But the media would have none of it. Again, understandably so. Their favourite trope would have fallen flat on its face. Never mind if in doing so they denied Zaira her agency, imagined her duress on her behalf and decided, again on her behalf, to articulate her predicament. That is even when Zaira insisted that she had apologised out of her own volition. By no stretch of imagination was it a "condemned heretic's forced public recantation under the Inquisition's encouragement in medieval Europe", as Ranjit Hoskote wrote in Scroll.in.
But when trope is the end in itself, the specific detail of an incident doesn't matter. Even many respected intellectuals and writers like Hoskote whose job is to think beyond the tropes seem only too willing to buy into the TV circus and treat it as fact. The result is this egregious disproportion between the Zaira incident and its immediate comparison in history: Zaira is a heretic, her trolls are Inquisition, and Kashmir is medieval Europe. No such comparisons for massacres and the mass blindings in the state with anything in the history or the contemporary world.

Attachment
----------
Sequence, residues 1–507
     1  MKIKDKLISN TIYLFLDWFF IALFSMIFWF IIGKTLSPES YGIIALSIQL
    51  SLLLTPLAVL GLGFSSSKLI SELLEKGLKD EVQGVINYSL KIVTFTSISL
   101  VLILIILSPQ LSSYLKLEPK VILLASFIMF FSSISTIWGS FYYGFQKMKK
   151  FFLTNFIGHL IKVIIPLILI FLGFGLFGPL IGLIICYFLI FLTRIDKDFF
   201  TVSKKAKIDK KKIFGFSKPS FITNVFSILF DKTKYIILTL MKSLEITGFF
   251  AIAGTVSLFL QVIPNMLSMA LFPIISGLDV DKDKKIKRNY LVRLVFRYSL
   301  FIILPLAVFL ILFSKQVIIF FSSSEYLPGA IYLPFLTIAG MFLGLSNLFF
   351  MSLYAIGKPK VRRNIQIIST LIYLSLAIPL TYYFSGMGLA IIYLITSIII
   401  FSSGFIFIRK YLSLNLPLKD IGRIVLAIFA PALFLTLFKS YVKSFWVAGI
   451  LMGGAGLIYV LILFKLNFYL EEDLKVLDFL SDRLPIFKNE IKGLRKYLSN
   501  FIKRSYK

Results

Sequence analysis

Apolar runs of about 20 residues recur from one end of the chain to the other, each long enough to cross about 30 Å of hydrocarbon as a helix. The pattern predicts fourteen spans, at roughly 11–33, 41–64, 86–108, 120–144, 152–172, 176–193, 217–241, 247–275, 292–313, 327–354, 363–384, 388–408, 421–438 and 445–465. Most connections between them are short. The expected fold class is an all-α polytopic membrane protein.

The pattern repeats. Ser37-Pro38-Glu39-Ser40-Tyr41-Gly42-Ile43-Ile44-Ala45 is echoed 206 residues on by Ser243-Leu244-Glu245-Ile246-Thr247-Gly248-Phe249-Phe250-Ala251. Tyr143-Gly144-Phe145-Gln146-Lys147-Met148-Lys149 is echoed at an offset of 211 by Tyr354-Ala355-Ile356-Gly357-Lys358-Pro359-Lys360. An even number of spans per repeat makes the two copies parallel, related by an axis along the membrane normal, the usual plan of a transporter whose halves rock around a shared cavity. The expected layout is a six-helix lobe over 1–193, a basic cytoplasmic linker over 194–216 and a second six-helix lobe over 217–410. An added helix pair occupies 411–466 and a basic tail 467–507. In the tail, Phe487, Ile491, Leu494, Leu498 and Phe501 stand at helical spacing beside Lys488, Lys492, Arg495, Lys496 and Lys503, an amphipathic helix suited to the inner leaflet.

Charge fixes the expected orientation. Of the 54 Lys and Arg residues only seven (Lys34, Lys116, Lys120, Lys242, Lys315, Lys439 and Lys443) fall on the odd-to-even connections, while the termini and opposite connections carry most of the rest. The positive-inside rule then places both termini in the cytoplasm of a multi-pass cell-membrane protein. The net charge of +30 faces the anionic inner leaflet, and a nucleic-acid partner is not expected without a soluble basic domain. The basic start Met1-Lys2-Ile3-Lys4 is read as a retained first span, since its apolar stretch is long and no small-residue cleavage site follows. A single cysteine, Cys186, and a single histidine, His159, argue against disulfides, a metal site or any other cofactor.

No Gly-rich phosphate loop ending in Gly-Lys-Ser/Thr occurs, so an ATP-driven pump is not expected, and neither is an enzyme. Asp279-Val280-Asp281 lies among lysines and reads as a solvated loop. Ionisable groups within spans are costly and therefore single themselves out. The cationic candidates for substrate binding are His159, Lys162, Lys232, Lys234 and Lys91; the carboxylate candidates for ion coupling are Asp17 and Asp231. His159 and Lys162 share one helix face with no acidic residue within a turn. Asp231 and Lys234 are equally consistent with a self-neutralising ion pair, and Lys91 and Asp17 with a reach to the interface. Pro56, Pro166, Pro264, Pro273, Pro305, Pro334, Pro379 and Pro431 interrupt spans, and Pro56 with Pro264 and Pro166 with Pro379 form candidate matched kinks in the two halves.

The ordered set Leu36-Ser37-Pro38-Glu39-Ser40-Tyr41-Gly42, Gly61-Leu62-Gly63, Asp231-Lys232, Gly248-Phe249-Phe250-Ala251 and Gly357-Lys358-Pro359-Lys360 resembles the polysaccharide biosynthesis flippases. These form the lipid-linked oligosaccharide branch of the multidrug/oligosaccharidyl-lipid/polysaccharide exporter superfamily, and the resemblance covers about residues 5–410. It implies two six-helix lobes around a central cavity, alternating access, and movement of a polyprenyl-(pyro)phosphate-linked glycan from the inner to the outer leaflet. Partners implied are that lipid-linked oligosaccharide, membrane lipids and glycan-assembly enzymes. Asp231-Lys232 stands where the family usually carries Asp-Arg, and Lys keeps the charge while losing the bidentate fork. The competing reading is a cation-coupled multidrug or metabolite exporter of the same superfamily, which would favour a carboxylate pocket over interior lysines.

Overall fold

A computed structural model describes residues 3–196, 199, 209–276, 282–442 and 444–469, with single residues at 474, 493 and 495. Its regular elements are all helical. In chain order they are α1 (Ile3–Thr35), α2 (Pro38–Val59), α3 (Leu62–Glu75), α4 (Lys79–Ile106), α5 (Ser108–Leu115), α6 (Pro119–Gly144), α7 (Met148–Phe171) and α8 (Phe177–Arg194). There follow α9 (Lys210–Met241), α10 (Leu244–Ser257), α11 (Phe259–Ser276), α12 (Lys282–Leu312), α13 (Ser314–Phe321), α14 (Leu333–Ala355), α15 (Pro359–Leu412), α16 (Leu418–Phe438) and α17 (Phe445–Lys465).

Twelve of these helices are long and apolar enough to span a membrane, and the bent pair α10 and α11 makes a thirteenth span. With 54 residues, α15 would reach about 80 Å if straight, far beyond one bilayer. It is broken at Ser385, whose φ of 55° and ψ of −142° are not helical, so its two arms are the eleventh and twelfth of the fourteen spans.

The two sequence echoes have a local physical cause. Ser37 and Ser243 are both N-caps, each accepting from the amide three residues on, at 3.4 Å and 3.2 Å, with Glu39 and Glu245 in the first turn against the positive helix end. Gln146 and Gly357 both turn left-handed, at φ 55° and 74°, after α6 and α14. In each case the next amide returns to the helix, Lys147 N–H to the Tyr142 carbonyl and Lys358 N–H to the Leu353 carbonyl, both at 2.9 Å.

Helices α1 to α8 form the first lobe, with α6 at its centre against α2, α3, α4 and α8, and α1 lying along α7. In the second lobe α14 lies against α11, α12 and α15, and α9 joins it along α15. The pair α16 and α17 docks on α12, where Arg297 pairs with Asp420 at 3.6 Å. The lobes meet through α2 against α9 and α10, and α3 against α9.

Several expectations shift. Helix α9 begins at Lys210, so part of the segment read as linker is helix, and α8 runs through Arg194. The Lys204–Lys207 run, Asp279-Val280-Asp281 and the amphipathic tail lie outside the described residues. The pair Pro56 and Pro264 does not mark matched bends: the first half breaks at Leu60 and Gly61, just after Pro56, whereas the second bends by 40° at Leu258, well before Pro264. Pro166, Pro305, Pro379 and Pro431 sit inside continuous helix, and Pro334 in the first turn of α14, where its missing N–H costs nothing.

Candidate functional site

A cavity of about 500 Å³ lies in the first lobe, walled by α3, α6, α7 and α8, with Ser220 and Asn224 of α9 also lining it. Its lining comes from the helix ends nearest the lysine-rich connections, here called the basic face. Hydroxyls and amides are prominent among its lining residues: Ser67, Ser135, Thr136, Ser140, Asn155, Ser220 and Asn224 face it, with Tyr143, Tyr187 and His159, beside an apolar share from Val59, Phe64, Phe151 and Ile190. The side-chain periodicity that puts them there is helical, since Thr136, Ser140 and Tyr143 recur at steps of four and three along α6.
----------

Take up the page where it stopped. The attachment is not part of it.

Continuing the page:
What is more, we do not even presume that the leader who oversaw this slaughter has done anything remotely wrong. This is the moral worldview that underpins the indignant righteousness of many a commentary originating from Delhi on the state of today's Kashmir. Hence this unconscionable disproportion in the outrage over a trolling incident and the convenient silence over a carnage.
But Zaira wasn't blind to it. Like other residents of the valley, she was a helpless witness to what happened in Kashmir last year. She understood the anger and hurt that animated the trolling against her after she met the chief minister, whose purpose was to deploy her success as a weapon in an ongoing battle of political narratives. So, Zaira unreservedly apologised. I, and Kashmir, respect her for that, so should all conscientious Indians.